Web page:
A son whose dad died after he received poor care is is calling for improvements to services for the elderly.
The family of John Blenkiron, from Chester-le-Street, who suffered with dementia and Parkinson’s disease, placed him on a short stay in Lindisfarne Care Home in the town, operated by Gainford Care Homes Ltd, for two weeks in March 2011.
But after coming to suspect he was not receiving the standard of care they expected, his sons, John, 45, and Jason, 45, and his wife, Kathleen, 66, decided to take him out of the home early.
The also had concerns he was not receiving the medication he required for his Parkinson’s disease.
After his dad was taken out of the home, John noticed the 63-year-old was suffering from pressure sores on his back and heels, and that his health was deteriorating.
The next morning he was taken to the University Hospital of North Durham when he became unresponsive. The ambulance men who attended were so shocked by his condition they reported the matter as a safeguarding issue.
John Snr spent nearly five weeks in hospital but never regained his mobility. He died at home in May 2011.
John junior said: “My dad was supposed to go into the care home for two weeks to give my mam, who had injured her leg, some much-needed respite.
"Very quickly we realised that the care he was being provided with at the care home was not what we had expected and we were concerned that he was not being given the medication he needed, despite us explaining how important it was he was given it.
“We made the decision to take him out of the home as we could see him deteriorating rapidly. We were also shocked by his condition when we got him home and he was rushed to hospital the next day.
“He never returned to his former self and died in May 2011 and we can’t help but feel that the treatment he was provided at the care home and the absence of his medication during that time contributed to his death."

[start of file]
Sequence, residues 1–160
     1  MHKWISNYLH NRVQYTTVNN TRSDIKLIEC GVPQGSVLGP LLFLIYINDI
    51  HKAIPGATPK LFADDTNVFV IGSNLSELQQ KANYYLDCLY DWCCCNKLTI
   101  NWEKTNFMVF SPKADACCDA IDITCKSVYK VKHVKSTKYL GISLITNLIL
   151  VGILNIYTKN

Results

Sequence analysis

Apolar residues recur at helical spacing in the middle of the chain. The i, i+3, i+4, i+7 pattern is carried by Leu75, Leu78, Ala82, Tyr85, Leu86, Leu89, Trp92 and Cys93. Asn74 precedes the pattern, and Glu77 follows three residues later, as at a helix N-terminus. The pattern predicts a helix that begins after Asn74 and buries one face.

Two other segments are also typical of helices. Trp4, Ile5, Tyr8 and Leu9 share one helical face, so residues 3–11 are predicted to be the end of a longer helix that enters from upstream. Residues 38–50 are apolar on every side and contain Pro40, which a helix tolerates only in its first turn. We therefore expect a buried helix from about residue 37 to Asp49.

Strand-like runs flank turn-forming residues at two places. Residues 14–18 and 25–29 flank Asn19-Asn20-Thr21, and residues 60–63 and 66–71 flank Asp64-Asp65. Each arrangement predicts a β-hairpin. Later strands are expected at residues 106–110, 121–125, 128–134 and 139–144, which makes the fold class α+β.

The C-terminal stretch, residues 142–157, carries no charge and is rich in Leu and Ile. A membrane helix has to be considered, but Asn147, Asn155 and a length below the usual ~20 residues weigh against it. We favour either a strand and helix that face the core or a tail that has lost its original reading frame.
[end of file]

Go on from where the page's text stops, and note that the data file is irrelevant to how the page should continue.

John and the rest of the family instructed expert medical negligence lawyers at Irwin Mitchell to investigate the quality of care he received at the Lindisfarne Care Home, as they believed that John Snr’s condition had deteriorated significantly during his short stay because the care was not up to the standard they expected and that John was not provided the medication he needed.
Despite Gainford Care Homes Limited denying that the care John received at the home hastened his death, expert lawyers at Irwin Mitchell have now secured the family an undisclosed settlement, which was agreed just minutes before a trial.
Lindsey Henderson, an expert medical negligence lawyer at Irwin Mitchell representing the family, said: “The last few years have been terrible for the family. Not only did they have to come to terms with the loss of their husband and father, they have had to endure a protracted period of litigation, which could have been avoided.
“While we and John’s family are relieved the case has now been settled, the fact Gainford Care Homes Limited only agreed to settle the case minutes before the trial was due to start, meant the family had to deal with the stress and anxiety of possible court proceedings and simply added insult to injury.
“This was a case where all the evidence indicated that the care home failed to take care of Mr Blenkiron properly. A safeguarding meeting took place as long ago as 2011, which looked in to Mr Blenkiron’s care. The meeting identified failings on the part of the care home at that time.
“We are happy to have settled this case for John’s family and hope that this will finally allow them to draw a line under this terrible ordeal and begin to piece their lives back together after John’s death.”
John Junior added: "“I think it is important that what happened to my dad doesn’t happen to anyone else and that other families don’t have to go through what we have in the last four years. I hope by taking legal action we will ensure care homes are reminded that elderly people should be treated with dignity and respect.”